Poland’s spring break for schools work a bit differently than in the US, as I’ve learned. Called Feria, they’re two weeks long, and they’re staggered at different times for different areas of Poland. To prevent a flood of Polish tourists across Europe, I suppose?
During a recent break at my school, I decided I needed explore some German cities I hadn’t seen yet. So I choose Munich and Nürnberg, as they’re both easily reachable by train from Wroclaw. While are both beautiful in their own right, they’re very different places. They do have some great vegetarian restaurants as well as easy to find vegan street food.
This city has a lovely medieval center, with picturesque cobblestone streets and many bridges connecting different parts of the center. My recommendation for the best restaurant there is Mariposa, which is vegan and has gluten-free options clearly marked. It’s really cozy, the waiters are happy to explain what’s in all the dishes, and the food is a healthy take on German meals. I had polenta with green beans in a creamy cashew sauce. It was light while being lovely comfort food for a cold evening.
I would recommend making a reservation, as when I arrived, the only free seats were at other tables (luckily, the other diners were very nice about an unexpected guest joining them.)
If you’re looking for a quick bite for lunch, I’d suggest finding a place with falafel. There a couple of places that serve up freshly made falafel (ask for them in a box if you want to avoid the gluten in the pita bread.)
For sights, I’d recommend the Albrecht Dürer house, which offers a tour of the famous German artist’s house. (You get to help use an actual printing press! Made me very happy to live in the age of both printers and Kindle.) The city also has a thoughtful museum (Courtroom 600) which examines the history’s darker past during WWII, as first as a center for Nazi rallies and then as host to the Nuremberg Trials after the war.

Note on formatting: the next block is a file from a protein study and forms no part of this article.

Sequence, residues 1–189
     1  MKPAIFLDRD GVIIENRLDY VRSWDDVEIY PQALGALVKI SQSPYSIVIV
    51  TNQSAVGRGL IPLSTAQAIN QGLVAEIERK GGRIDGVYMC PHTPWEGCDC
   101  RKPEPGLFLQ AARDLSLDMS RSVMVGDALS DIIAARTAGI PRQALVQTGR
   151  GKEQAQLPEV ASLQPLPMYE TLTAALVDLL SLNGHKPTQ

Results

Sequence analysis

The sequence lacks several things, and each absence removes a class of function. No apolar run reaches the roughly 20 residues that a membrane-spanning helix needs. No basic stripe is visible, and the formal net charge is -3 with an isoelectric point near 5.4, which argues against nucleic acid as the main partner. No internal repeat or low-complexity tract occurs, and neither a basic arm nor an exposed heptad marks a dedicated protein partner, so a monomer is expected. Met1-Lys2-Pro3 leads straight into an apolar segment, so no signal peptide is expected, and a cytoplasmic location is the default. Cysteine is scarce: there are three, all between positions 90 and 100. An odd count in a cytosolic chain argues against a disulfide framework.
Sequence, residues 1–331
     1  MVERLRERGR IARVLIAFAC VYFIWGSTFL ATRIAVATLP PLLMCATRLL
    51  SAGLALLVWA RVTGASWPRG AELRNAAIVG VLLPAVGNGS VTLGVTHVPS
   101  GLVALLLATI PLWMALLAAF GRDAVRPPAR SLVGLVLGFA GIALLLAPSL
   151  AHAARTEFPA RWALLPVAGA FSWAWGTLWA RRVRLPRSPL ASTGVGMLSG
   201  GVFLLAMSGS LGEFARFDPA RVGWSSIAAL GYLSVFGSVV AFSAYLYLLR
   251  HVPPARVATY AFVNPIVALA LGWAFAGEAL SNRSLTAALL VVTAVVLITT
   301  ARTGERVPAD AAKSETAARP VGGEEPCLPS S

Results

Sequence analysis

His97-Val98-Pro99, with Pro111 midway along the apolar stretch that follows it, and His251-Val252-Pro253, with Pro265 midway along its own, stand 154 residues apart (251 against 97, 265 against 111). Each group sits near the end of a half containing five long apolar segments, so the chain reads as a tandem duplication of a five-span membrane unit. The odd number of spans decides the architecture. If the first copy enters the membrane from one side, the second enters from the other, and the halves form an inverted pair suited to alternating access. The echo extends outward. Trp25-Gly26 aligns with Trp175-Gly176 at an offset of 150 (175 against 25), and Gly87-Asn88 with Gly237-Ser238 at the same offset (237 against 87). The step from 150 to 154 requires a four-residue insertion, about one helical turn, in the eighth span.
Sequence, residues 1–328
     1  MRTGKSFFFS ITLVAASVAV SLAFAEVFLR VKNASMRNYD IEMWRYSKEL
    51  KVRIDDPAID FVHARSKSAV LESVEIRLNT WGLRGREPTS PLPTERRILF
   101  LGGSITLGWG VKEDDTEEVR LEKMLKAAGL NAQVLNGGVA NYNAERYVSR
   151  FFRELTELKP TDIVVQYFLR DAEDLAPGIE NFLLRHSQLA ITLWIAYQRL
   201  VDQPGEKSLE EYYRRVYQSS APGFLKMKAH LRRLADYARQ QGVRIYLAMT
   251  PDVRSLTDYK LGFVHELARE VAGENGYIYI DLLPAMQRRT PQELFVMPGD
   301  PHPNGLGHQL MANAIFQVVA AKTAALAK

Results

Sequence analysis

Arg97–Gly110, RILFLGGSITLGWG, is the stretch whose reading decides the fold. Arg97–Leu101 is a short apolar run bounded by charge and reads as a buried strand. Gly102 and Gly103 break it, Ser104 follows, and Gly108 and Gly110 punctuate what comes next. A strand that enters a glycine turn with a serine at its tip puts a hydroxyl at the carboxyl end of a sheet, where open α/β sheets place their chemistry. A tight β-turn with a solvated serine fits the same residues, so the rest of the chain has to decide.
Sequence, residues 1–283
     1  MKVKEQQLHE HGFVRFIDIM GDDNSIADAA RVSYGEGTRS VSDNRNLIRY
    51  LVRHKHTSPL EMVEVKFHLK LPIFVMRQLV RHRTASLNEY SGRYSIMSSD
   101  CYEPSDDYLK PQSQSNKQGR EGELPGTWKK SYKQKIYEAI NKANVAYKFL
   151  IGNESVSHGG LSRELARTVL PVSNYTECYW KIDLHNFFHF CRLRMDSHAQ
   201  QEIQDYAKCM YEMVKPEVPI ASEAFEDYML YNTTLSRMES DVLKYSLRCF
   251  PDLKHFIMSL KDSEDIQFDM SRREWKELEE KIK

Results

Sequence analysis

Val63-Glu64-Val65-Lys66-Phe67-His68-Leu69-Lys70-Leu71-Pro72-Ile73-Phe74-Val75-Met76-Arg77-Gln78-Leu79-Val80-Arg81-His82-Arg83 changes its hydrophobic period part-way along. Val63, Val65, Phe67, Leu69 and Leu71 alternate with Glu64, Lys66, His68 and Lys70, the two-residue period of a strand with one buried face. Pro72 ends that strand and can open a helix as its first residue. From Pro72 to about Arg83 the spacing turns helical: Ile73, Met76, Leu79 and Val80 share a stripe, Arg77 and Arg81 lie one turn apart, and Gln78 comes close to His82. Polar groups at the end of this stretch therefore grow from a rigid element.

However, it’s also the kind of city where you can just wander around and drink in the scenery.
This city has a much more modern feel and is also more spread out. I think later spring would be a great time to explore this city’s extensive Englischer Gardens, a huge, lovely park through the middle of the city.
Munich also had one of the best vegan restaurants I’ve eaten at— Max Pett, which has an extensive menu in both English and German. To start, I suggest their potato pancakes, which melt in your mouth, and come with smoked “salmon.” The yams they used were amazing, and one of the most unique and delectable faux-meats I’ve tasted.
They also had a lot of raw dishes, and I tried their walnut burger, which had an excellent unusual and savory sauce. This place is totally worth the trip— but I’d also suggest to make a reservation first. I managed to snag a table at the bar, but it was very busy.
Tian also had some interesting choices, is close to the center, and has a great atmosphere.
It’s home to several wonderful art museums, like the Glyptothek Museum and the Franz von Stuck museum. However, if museums aren’t your thing, there’s also a fabulous system of pools and saunas— Müllersches Wolksbad being the prettiest, with a soothing art deco interior, and also near the city center.
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